Instead of gutting the California Environmental Quality Act (CEQA) through streamlining, up-zoning, and up-planning, CEQA should be expanded. This means eliminating many categorical exemption categories, such as heavily polluting McMansions, and replacing pro-forma Mitigated Negative Declarations with full Environmental Impact Reports (EIRs). It also means that the City Council must adhere to all EIR climate-related findings by redesigning projects and plans in order to eliminate their adverse environmental impacts. This is the obvious way to prevent the unmitigatable generation of Green House Gases caused by real estate speculation. If Mr. Garcetti and Mr. Koretz, along with Miss Klein, are serious about their climate goals, this is the obvious place to begin, even if it means biting the real estate hand that so-well feeds them.
Tree Planting: Of all the easily available local options to quickly mitigate and adapt to climate change, wide-spread tree planting is at the top of the list. In this regard Los Angeles is the perfect candidate. Its semi-tropical climate supports 1000 approved tree species, while most L.A. neighborhoods and corridors are in desperate need of systematic tree planting and care. Within a few years, most tree species will naturalize, with no additional water needed. The trick, though, is to widely plant many different tree species. This approach minimizes the deadly impact on invasive insects and plant diseases, already present in Southern California. For this approach to work, though, the City of L.A. must be in charge, and the price will be high, over $1 billion, or the cost of one new Northrop-Grumman B-2 Spirit bomber.
Transportation Infrastructure: Get people out of their cars with carrots, not sticks. For the past 70 years City Hall’s planning mission was to make automobile traffic flow smoothly, despite the overall increase in the numbers of cars and trucks. While the traffic planners played this role well for many decades, the incredible gridlock in most of Los Angeles now means this game is over. Their efforts, though, did achieve one continuing -- if dubious -- success. It habituated most Angelenos to their cars. Unless they are the transit dependent (elderly, students, handicapped, or poor), nearly everyone in LA relies on their car(s) for mobility, even when the streets are hopelessly gridlocked and when there are new alternative transportation modes. The challenge at this point is to make those alternative transportation modes so convenient that people will comfortably stop driving their cars, similar to New York and San Francisco, where public transit is an inherent part of the built environment.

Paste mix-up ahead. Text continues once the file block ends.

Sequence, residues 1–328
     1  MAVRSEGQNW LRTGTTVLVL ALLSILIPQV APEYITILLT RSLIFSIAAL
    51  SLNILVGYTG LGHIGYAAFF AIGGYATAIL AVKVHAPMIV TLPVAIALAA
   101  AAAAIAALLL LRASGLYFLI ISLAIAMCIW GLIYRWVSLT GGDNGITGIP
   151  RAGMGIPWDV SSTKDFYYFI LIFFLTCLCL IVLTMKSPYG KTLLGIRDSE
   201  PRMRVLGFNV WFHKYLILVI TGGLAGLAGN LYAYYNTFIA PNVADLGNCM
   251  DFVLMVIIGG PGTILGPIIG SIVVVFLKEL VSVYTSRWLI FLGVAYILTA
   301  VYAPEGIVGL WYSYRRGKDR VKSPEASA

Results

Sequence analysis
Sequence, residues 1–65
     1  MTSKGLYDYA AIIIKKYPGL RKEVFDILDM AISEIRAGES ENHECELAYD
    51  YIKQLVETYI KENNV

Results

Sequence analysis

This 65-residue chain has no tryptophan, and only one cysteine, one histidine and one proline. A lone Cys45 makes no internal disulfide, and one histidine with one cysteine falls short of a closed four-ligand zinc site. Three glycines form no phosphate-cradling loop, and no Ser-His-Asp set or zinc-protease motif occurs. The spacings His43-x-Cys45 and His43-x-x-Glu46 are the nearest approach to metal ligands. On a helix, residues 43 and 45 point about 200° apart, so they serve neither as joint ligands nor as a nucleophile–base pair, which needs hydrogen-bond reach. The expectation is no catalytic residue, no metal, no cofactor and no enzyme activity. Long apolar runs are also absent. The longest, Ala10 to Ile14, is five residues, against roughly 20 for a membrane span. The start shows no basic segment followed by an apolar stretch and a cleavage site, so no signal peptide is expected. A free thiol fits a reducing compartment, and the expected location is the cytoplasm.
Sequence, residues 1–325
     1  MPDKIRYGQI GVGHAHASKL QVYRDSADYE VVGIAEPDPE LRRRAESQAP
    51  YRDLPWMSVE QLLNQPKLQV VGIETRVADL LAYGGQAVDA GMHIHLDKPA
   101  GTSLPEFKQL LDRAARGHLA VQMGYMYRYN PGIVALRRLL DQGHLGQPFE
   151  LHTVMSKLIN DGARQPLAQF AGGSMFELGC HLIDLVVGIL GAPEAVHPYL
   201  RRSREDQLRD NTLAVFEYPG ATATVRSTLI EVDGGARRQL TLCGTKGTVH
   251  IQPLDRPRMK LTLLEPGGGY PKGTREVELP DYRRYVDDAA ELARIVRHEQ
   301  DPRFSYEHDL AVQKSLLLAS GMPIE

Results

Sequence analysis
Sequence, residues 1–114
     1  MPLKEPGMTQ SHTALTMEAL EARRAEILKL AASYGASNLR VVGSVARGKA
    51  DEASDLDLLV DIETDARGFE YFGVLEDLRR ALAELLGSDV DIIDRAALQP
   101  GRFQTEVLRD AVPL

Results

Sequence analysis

The other transportation carrots include the following:
Repairing and widening L.A.’s sidewalks, installing ADA ramps at corners, and improving pedestrian safety at all cross-walks.
Upgrading street lighting so sidewalks are well lit at night, and all pedestrian paths feel safe.
Enhancing bike-sharing, protected bike lanes, and bicycle parking infrastructure, similar to the bicycle-friendly systems already rolled out in other cities, like Seattle, Portland, Minneapolis, Tucson, and New York City.
Finally, in the Los Angeles area METRO’s plans for mass transit expansion reaching past 2050 must be accelerated. Even if this requires postponing another foreign war or an additional aircraft carrier fleet to pay for these domestic infrastructure improvements, it should be done.
Obviously, this list is not definitive. A more complete list, such as King County’s template, the Governors Office of Planning and Research guidelines, and the Southern California Association of Government’s regional climate plans, includes many other programs, such as power generation and consumption. The test, therefore, for these two latest Los Angeles climate initiatives is whether they will bite the bullet and take on this vast array of already designated climate change policies and programs.
So far, there is no evidence that this is happening. Presumably this is because most of these programs cost serious public money and conflict with other priorities. This includes City Hall’s quasi-religious belief that real estate speculation is the magic elixir that cures all urban crises, including climate change.
Dick Platkin is a former Los Angeles city planner who reports on local planning issues for CityWatchLA. Please send any comments or corrections to email@example.com.